What allows us to remove our masks? What feeling, movement, supportive touch or perfect word makes space for a person to be seen? These are not new questions. In fact, they are ageless. Philosophers from the history of time have asked these same queries in a variety of ways.
In January, I was privileged to attend my older daughter’s graduation ceremony at Goddard College in Plainfield, VT. Goddard describes itself as “at the heart of your mind”. Its mission statement, in part, states, “Our mission is to advance the theory and practice of learning by undertaking new experiments . . . .Goddard encourages students to become creative, passionate, lifelong learners”.
As mission statements go, it could be considered almost typical. Typical, that is, until you arrive on campus. Your first taste is a sense of an atmosphere that reminds you of a young colt straining against a bridle, autumn leaves blowing in the wind while the peace and serenity of samadhi overtakes your mind. It is amorphous, waiting to be discovered, hoping you will remove your mask and glimpse its identity. With your mask on, it becomes invisible.
The graduation ceremony was preceded by presentation of the graduates’ theses. I attended my daughter’s, of course, and together we attended another in which a young lady demonstrated a Tai Chi, Chi Kung program that she had created to enable physically challenged people to learn movement. She had found her passion and created a path to channel its results. My daughter’s thesis told of her student teaching experience in which she recreated a portion of the already existing class structure to allow time for one-on-one interaction with each pupil. The new model has been retained by the classroom’s existing teacher.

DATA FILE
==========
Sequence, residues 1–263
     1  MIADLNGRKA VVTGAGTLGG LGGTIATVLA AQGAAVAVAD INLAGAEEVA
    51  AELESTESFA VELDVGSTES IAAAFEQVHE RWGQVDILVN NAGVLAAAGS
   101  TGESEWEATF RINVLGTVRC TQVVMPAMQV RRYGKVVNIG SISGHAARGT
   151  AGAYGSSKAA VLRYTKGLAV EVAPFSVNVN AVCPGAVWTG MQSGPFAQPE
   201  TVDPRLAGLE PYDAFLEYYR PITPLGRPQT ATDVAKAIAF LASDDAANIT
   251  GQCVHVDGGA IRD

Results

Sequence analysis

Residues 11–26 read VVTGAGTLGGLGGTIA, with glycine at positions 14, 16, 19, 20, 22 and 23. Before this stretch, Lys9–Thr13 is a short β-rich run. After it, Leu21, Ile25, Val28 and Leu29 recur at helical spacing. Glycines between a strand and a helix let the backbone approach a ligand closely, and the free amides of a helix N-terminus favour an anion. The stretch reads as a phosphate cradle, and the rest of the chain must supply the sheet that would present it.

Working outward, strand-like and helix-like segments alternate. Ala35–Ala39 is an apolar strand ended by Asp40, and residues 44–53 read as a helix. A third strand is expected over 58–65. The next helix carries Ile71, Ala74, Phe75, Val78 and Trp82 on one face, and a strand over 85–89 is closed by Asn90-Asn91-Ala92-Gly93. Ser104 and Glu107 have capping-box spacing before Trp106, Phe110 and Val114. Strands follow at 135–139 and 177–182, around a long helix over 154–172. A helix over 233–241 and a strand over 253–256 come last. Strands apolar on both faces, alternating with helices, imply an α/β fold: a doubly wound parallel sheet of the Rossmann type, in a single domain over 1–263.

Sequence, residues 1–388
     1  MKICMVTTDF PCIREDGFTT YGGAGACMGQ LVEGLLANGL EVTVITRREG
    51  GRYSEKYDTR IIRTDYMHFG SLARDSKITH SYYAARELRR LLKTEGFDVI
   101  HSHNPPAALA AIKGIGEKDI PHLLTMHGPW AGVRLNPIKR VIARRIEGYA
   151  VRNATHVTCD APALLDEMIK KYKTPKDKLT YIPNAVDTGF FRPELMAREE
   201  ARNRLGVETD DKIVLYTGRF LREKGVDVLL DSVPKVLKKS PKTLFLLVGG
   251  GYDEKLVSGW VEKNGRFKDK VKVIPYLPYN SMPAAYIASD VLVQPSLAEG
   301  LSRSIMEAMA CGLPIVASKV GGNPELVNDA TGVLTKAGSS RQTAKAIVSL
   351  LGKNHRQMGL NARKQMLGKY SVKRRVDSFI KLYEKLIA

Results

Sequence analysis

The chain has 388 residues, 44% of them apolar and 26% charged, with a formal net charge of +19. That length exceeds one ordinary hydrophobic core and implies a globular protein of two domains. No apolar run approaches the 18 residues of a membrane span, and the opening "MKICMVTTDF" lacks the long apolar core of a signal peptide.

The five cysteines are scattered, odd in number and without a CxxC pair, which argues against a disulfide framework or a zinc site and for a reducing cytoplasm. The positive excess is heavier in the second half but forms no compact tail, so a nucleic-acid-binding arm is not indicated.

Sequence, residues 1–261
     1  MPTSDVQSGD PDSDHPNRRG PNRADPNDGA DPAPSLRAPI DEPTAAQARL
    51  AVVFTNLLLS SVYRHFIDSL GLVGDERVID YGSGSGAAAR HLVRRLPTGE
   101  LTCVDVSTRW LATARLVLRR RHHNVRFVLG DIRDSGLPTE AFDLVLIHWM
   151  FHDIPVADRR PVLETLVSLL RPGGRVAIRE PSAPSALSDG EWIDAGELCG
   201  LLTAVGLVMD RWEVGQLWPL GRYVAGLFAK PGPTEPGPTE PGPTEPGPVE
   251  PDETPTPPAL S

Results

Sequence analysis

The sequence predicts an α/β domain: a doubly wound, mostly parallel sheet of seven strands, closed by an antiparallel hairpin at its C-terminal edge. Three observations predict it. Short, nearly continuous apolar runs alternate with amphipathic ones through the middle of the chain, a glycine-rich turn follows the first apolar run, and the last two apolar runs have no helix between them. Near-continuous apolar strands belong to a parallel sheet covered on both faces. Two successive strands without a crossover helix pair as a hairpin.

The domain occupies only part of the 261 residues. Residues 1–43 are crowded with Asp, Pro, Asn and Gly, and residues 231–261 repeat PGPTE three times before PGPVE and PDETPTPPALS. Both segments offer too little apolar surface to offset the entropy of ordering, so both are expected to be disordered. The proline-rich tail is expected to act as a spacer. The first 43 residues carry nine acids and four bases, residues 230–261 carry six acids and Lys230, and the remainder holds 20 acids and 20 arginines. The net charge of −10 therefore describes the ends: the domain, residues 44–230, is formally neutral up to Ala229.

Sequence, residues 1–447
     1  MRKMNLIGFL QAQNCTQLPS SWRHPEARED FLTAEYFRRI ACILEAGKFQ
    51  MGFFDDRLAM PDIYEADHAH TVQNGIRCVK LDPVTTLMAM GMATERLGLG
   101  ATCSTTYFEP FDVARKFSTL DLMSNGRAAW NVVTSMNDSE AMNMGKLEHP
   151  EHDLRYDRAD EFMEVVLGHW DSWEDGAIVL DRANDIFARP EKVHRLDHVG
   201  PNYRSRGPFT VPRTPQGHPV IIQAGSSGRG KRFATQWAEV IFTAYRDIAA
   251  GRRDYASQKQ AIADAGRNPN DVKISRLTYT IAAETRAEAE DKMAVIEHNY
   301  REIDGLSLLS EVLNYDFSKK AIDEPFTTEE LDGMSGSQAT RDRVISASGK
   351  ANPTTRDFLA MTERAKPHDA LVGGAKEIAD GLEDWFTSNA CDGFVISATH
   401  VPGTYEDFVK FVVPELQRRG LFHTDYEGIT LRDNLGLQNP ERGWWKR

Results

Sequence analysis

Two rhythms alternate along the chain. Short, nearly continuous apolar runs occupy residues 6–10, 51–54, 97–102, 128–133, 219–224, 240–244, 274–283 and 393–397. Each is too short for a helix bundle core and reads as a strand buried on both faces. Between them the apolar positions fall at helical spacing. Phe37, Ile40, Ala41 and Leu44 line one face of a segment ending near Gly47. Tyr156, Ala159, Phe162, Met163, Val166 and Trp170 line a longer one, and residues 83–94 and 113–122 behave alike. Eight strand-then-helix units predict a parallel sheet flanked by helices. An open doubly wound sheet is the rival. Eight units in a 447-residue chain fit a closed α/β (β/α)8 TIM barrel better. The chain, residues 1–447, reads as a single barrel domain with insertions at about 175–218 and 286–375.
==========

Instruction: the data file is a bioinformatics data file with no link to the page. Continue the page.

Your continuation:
Nothing could have prepared me for the sheer raw emotion of the graduation ceremony – one in which every student, advisor and parent would be maskless. Each graduate was given time to honor his or her support team; comment on the path each had taken to arrive at the graduation podium and state intentions for the future. The young lady who had presented the Tai Chi program honored her Afro-American bloodline, one line of heritage at a time, and closed by raising her arms to heaven and singing the names of God in twenty different languages. My daughter honored all of us who had supported her 13 year endeavor to become a teacher and finished by requesting that her husband join her on stage to receive her Bachelor’s Degree since he, too, had earned it. He had maintained the house for her while working a full time job so that she could work during the day and study every night. And so it went.
So, where do people put their masks during those tear-filled moments when the soul in each person present is touched so deeply? Behind that mask is each parent’s lost dream that he or she sees supported by a school peopled with advisory personnel who encourage the deepest searching into each student’s depths. In each graduate’s heart is the hope of the future and a conviction fueled by the constant, daily reminder that he or she has been heard; has been given the opportunity to find his voice, her deepest commitment to life.
Coming away from this profound ritual, I realized that what I had witnessed is the same essence that propels and feeds me in my daily work. It is the essence of my soul as it was the essence of the soul of that graduating class. It is the commitment that each of us made when we began life on planet Earth – to give all that we have from our incomprehensible depths without masking it with a civilized veneer; to surrender to our calling so that the piece we give to mankind is unmistakable; to find no compromise to our integrity in daily life.
As closure, I will use the final words of one graduating student, “I honor each person who has looked into my eyes and seen my soul”. Maskless.